WATCHMEN* is being released on Blu-Ray in a couple of weeks. It’s billed as the Director’s Cut but in a strange piece of pissing-right-there-in-your-Wheaties marketing an advertisement for the Ultimate Double-Secret Super Director’s Cut is included in the box! At least there’s a $10 coupon for the more complete edition included. Or is it a coupon for K-Y Jelly?
It’s easy to be snarky about DVD marketing. Rarely is a movie released nowadays that doesn’t have at least two variations on disk. First there were the widescreen/pan-and-scan variants (disk has two sides = problem solved). Then there were the theatrical/director’s cut flavors (DVDs have this thing called Branching technology that allows them to random access different parts of the disk so different versions of the same movie can co-exist on the disk). Then there was just the constant re-release of movies, often with little or no difference even in the special materials, just new cover art. I believe much of the problem of slow acceptance of HD disk formats such as Blu-Ray and HD-DVD is due to consumers having been so burned that they figured it was just another way for Hollywood to re-sell them movies they already owned again. After years of VARIANT COVER nonsense even comics fans figured out they were being played for fools (thought Marvel and DC are still in there swinging at the low hanging fruit), can movie fans be that much stupider?
I used to say that if I wasn’t buying a movie on DVD, just licensing it’s use, then whenever a new edition came out I should be given that version either gratis or at a substantial discount. After all, I already hold a license to use it.
And that’s why it’s easy to be snarky, but it isn’t exactly fair to be, when it comes to the new WATCHMEN release. True, Warner Bros. isn’t exactly advertising that they already plan for a bigger version of the same movie to be released in less than six months but you can’t really blame them for that. And they are softening the blow for anyone unaware of the later edition by including the coupon (which harkens back to my “I already own a license” idea). There are some value-added advantages to owning the earlier Blu-Ray- such as participating in the 2009 Comic Con showing via BD Live, in addition to satisfying the childish ‘I want it NOW’ feeling we all succumb to from time to time. The special features look fantastic, it does include 24 minutes of added footage (although not the Tales of the Black Freighter story-within-a-story from the graphic novel) and Amazon is even sweetening the pot by allowing you to watch the movie via internet on the day of release if you’ve pre-ordered the disk.
My first impulse was to wait for the expanded edition. I’ve vowed that I wasn’t going to repurchase any more movies that I already own except in extreme circumstances. (Do you have any idea how many copies of Terminator 2 or Blade Runner I’ve bought since owning them on LaserDisk? Neither do I.) But since buying the version with the Black Freighter included and commentary by Dave Gibbons** is a certainty and since the net cost of the first version is only $13 on Amazon when you consider the coupon, I have to say that somebody will be getting a slightly used copy of WATCHMEN- the Director’s Cut on BD for Christmas and I’ll be buying two copies of the same movie this year after all.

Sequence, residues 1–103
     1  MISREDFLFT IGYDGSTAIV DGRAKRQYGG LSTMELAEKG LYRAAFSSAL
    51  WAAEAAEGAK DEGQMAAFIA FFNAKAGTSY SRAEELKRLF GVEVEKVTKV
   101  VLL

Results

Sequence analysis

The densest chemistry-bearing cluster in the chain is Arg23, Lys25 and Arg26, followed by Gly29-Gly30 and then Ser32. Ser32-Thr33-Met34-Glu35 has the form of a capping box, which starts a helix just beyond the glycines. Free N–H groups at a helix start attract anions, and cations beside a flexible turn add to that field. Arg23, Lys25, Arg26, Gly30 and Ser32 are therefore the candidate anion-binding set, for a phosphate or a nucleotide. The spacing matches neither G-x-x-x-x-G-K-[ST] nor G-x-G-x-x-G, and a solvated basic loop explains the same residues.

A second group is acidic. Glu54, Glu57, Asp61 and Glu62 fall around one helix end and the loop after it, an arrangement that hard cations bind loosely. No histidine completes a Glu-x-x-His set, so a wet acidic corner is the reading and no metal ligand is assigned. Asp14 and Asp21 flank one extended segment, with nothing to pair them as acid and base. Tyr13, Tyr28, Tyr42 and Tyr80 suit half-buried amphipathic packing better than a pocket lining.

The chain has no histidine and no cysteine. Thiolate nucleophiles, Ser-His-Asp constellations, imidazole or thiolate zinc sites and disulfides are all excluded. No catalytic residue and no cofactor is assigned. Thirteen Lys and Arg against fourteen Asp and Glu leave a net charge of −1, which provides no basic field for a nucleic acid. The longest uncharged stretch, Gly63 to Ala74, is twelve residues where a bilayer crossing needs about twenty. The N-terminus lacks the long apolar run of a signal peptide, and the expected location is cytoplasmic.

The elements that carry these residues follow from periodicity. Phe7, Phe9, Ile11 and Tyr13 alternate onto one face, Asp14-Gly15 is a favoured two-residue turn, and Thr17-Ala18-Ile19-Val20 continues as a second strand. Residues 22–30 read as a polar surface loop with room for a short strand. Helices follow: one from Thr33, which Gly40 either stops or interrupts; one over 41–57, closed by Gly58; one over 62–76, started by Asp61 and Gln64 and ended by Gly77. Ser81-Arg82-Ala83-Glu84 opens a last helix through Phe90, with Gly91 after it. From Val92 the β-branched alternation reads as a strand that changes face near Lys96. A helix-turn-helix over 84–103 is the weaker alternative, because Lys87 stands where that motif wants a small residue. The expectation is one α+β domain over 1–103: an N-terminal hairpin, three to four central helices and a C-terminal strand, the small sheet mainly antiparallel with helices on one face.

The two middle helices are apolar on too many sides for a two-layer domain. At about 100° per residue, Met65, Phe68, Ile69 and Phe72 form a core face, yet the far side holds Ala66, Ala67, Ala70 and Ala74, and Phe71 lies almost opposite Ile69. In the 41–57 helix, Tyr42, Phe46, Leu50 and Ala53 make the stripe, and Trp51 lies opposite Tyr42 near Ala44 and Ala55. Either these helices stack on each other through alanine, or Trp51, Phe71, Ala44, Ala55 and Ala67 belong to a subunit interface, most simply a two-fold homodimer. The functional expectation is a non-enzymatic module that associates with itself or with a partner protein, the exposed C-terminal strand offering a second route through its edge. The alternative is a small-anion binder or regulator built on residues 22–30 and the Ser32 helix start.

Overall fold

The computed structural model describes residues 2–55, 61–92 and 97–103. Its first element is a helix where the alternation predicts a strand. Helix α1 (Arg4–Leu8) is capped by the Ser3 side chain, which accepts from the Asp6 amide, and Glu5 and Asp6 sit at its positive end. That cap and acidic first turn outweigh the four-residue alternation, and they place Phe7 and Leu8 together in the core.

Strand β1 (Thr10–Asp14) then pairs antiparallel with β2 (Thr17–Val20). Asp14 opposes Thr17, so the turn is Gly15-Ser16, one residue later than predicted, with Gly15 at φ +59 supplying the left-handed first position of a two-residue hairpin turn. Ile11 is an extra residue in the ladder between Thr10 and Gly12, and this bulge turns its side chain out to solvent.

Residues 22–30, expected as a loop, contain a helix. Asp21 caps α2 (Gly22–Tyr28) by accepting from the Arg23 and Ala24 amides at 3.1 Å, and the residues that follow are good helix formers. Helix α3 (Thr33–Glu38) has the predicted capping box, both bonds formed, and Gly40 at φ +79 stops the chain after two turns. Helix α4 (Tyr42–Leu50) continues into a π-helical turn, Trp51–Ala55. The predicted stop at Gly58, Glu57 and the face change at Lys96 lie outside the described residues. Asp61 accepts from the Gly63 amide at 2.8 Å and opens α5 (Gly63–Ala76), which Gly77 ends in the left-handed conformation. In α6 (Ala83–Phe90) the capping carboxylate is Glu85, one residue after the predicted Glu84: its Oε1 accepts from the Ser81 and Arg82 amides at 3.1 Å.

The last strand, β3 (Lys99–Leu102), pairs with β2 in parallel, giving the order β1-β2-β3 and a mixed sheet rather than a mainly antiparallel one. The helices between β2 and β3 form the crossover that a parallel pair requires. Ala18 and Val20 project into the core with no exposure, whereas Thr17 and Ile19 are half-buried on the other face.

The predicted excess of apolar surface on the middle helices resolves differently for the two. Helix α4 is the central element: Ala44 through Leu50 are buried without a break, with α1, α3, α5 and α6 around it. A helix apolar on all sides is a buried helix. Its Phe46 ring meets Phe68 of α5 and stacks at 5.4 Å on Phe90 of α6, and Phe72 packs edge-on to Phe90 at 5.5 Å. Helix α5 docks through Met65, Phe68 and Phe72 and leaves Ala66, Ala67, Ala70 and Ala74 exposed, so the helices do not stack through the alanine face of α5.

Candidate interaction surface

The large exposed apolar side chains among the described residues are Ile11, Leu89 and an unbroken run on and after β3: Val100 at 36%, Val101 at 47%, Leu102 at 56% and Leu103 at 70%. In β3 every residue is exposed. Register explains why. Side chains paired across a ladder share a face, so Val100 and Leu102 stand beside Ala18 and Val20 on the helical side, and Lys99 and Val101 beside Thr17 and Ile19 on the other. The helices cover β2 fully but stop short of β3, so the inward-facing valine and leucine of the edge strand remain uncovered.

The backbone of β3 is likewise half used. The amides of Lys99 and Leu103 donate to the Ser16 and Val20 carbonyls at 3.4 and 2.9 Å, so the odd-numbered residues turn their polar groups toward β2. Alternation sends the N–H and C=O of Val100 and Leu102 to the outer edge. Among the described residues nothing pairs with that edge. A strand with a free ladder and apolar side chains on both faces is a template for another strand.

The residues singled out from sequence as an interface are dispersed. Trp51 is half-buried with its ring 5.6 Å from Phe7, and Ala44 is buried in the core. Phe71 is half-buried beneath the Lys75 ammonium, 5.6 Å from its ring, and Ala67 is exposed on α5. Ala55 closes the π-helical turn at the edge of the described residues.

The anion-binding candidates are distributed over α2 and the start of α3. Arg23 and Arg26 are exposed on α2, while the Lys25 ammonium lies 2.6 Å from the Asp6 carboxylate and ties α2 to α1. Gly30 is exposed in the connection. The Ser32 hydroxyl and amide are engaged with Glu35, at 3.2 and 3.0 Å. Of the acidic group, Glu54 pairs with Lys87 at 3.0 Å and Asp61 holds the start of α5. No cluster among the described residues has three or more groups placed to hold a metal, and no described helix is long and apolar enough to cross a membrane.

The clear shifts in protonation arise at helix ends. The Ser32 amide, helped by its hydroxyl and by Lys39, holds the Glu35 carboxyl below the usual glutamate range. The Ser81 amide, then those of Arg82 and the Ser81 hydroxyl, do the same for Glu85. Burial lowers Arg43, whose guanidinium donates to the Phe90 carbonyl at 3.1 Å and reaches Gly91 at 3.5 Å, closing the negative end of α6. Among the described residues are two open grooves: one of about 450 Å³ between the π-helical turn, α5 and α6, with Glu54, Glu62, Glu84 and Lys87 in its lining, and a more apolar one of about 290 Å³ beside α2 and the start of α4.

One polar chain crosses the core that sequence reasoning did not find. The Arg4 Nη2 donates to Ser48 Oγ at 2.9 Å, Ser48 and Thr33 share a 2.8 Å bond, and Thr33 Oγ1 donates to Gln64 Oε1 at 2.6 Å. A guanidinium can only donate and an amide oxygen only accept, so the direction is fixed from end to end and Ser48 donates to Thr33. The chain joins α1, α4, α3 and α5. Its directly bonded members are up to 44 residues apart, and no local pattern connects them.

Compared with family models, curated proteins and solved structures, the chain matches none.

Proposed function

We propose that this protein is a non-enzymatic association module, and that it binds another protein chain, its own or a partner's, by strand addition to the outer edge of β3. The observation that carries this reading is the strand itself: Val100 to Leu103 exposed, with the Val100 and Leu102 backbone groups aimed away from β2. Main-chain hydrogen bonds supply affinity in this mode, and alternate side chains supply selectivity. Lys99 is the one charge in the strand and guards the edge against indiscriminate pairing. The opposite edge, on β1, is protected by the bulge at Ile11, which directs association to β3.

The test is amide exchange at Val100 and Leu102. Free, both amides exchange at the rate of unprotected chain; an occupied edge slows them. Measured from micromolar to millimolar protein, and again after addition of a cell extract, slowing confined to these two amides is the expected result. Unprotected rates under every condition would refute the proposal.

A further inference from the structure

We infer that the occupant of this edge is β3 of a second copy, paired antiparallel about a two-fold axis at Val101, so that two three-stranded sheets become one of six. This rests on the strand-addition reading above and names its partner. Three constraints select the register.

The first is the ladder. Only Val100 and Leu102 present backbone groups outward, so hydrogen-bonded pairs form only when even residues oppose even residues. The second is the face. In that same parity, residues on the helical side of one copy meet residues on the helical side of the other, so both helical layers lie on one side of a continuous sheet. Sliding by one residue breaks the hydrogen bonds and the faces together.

* Original review of WATCHMEN here. I honestly have never figured out what all the hate was for this movie (except for the possible reasons mentioned in the review). Sure, it’s not Citizen Kane, but it’s a damn fine comic book movie and had it not been an adaptation of such a revered graphic novel I can’t imagine that it wouldn’t have done better. I loved Dark Knight, but Watchmen was everything everyone said about DK- moody, serious, literary, visually fantastic, morally ambiguous, and nuanced- only more so. Sure, I could quibble too. The soundtrack was much maligned but nobody I’ve read picked out the biggest soundtrack mistake I noticed- that if you were going to play Simon and Garfunkle over the Comedian’s funeral scene you should have played The Boxer rather than Bridge Over Troubled Water. Watchmen is one of the ten best comic book movies ever made. (In no order they are: Batman Begins, The Dark Knight, X-Men, Iron Man, SpiderMan II, SpiderMan, X-Men II, Superman II, and Road to Perdition.) If you can’t enjoy it then you need to examine why.
**…and all I have to say to Alan Moore about being such a party pooper about the whole thing is that I would have loved to hear you talk about the movie on the audio track and I would have been proud for you to be financially improved by a small bit of the money I’ve spent and will spend on the fruits of your imagination. But seriously, you’re taking yourself way too seriously. You wrote some entertaining comic book stories and, yeah, you may even be the best writer comics have ever seen. But get over yourself. Lighten up. The world would be a much better place if self-important assholes like you would just try to contribute to the total amount of fun that exists instead of going all teen-aged angsty and pouting for the last half of your life. William Faulkner went to Hollywood and wrote screenplays! Sure, he was a drunken reprobate, but in my experience drunken reprobates are more fun than egomaniacal goth “wizard” shitheads any day of the week. Why don’t you crawl up J. D. Salinger’s ass and then have him crawl up the ass of James Joyce’s rotting corpse so all of you can consider yourselves kings of infinite space there in your nutshells? In short- Fuck you, Alan Moore. What a crybaby!